There are slight hiccups in the app, but the service provider will doubtlessly fix these soon. Meanwhile, you’re getting tier-1 performance at prices hardly available anywhere. That excellent performance is especially noticeable when streaming from services like Netflix.
While Atlas VPN currently does not have servers in the Philippines, speeds are still extremely fast to nearby regions. The closest servers would be in Hong Kong, but Singapore is also a viable alternative given its solid infrastructure.
(See full speed test result)
At present, the monthly price of Atlas VPN is less than what you’d pay for a box of Polvorons from Goldilocks in Manila. That’s a tiny amount to increase your digital privacy and security significantly. Plus, you’ll be able to access overseas streaming media libraries. It’s a win-win situation.
See our full review on Atlas VPN to learn more!
- Built for P2P
- Stealth Proxy
- Supports 5 Devices
- Ad & Malware Block
- Unlimited Bandwidth
“Using TorGuard is a delightful experience and gives one the assurance their Internet connection is truly safe.”
The TorGuard interface may seem a little dated when first encountered but there is no doubt that it is one of the most secure VPN service providers around. Even though there isn’t a lot of bling on the user-facing side, performance is quite remarkable.
There is one key difference between TorGuard and many competitors in that it allows you to choose what level of encryption you prefer. This means that for P2P users, you can turn down encryption a notch and enjoy faster torrenting speeds anytime!
Aside from that, TorGuard has many other redeeming qualities, such as stable speeds, multi-platform capability and the ability to bypass VPN blockers.
(View the full speed test result here).
As one of the top three best VPNs for the Philippines, TorGuard of course met certain speed requirements, as shown in my test result from a Malaysia-based VPN server. Users in the country should generally get this speed with few issues.
The only downside is that for younger users who are used to the sleekness of modern applications, the TorGuard interface will look like something from the past.
Read our thorough analysis on TorGuard for more information!
- Data Compression
- Ad Blocking
- Supports 7 Devices
- 6,200+ Servers
- 45-day Money Back
“CyberGhost offers an easy-step in to the VPN world for Philippines-based users even if it doesn’t have a local presence directly.”
CyberGhosties are happy with them and they have certainly tried to be hip and upbeat in their marketing. This is another of the more well-known names in the VPN industry but personally I feel that they just might be a tiny bit overhyped.
Specification wise CyberGhost talks the good talk but having gone through test with them I advise a small pinch of salt. Do keep in mind though that this is a ranking list, so my expectations are quite high.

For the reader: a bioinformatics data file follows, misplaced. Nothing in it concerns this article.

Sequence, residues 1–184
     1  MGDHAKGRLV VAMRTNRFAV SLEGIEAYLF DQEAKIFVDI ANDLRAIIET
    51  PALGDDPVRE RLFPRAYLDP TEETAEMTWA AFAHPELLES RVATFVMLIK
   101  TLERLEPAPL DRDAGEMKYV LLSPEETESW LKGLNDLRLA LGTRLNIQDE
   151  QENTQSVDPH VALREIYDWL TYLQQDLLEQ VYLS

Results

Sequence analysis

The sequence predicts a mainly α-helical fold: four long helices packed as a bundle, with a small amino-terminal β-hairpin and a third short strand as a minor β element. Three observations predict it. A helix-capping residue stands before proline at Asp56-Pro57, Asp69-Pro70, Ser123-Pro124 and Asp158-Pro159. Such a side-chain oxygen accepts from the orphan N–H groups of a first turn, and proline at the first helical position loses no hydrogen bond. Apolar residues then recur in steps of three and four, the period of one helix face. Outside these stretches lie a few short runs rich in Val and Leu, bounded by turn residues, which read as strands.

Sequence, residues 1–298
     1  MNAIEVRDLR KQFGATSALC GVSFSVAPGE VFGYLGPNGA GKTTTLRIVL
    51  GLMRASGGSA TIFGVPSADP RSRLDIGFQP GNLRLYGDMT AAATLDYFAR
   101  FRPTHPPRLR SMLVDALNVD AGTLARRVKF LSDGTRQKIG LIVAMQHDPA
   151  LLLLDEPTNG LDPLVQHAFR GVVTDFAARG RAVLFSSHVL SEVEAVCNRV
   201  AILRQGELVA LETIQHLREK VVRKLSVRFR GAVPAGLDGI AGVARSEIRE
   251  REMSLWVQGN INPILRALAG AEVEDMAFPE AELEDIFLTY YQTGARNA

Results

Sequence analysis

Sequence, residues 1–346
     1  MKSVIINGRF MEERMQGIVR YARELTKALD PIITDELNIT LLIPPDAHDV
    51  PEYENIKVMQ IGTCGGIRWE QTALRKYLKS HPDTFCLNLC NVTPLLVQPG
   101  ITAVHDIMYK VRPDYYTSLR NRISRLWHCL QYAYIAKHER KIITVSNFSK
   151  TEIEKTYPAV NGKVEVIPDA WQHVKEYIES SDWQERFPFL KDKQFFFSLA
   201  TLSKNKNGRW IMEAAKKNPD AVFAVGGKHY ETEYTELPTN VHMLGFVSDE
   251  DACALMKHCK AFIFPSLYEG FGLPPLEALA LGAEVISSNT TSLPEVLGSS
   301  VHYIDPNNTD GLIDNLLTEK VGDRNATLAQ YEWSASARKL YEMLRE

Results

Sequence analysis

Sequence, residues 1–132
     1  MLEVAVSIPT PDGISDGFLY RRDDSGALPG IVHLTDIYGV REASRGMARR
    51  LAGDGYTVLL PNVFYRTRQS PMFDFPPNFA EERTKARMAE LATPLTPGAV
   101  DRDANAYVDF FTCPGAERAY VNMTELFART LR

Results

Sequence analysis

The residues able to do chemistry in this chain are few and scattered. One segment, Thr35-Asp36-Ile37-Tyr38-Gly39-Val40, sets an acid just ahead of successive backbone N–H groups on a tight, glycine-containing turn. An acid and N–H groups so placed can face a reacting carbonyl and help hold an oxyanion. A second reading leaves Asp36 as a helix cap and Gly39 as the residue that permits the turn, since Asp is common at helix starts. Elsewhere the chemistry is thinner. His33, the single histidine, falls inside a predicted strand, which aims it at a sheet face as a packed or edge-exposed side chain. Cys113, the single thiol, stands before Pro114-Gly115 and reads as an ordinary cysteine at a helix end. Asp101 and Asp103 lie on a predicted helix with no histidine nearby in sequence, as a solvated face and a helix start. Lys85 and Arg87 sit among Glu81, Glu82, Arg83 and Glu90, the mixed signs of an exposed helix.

(View the full speed test result here).
Users in the Philippines need to take note that most of CyberGhost servers are in the EU zone, but thankfully, they have some in the Asia region as well. There is no direct presence in the Philippines but connecting through a close-by Malaysia-based server is fine.
Overall, we managed to get very useable speeds of 19Mbps which is still enough to steam media on.
See our full review on CyberGhost to learn more!
- 256-bit Encryption
- Unlimited P2P
- Supports 10 Devices
- No logging
- 1,500+ Servers
“Great for the paranoid but perhaps won’t be top of the list for the Philippines-based users, IPVanish is highly marketed but poorly supported.”
IPVanish has suffered greatly in recent times due to its embroilment in certain… shall we say, “No-logging VPN led Homeland Security to the comcast user” is an unfortunate incidents. Yet aside from that, take note that they are under new management and hopefully such things will become just speed bumps in their past.
Moving those incidents aside, they remain a VPN giant in the field and boast speeds that are impressive. Luckily for that, since if you have any complaints about their speed, there isn’t much you can do as they force 256-bit encryption on everyone without exception.
(View the full speed test result here).
Speed-wise, IPVanish has a strong showing via its Philippine server and is one of the few VPNs on this list to have a real presence there. I manged to establish a downstream speed of around 46Mbps which is good for the infrastructure there.
For those willing to experiment you can always try other servers in the region which may give better results. Still, the connection was stable and more than enough to stream media on.
Read our in-depth review on IPVanish to find out more!
What is a VPN?
Virtual Private Network, or VPN, are private networks of servers. They help users increase digital privacy while adding additional layers of security at the same time. They can be used by both businesses and individual consumers.
In a business context, VPNs are often established by companies or specialized service providers to enable secure access to confidential information for remote employees. From an individual consumer or small business perspective, VPNs are more easily accessible and affordable.
The primary goals remain privacy and security, achieved by routing data through secure VPN servers and masking the user’s origin and device details. Additionally, VPNs encrypt data to prevent unauthorized access or theft during transmission.
Why use a VPN in the Philippines?
The Philippines is in my mind the opposite of what I call the ‘sweet spot’ for VPNs and consumers alike. Over the past years Internet freedom in the country has been in decline.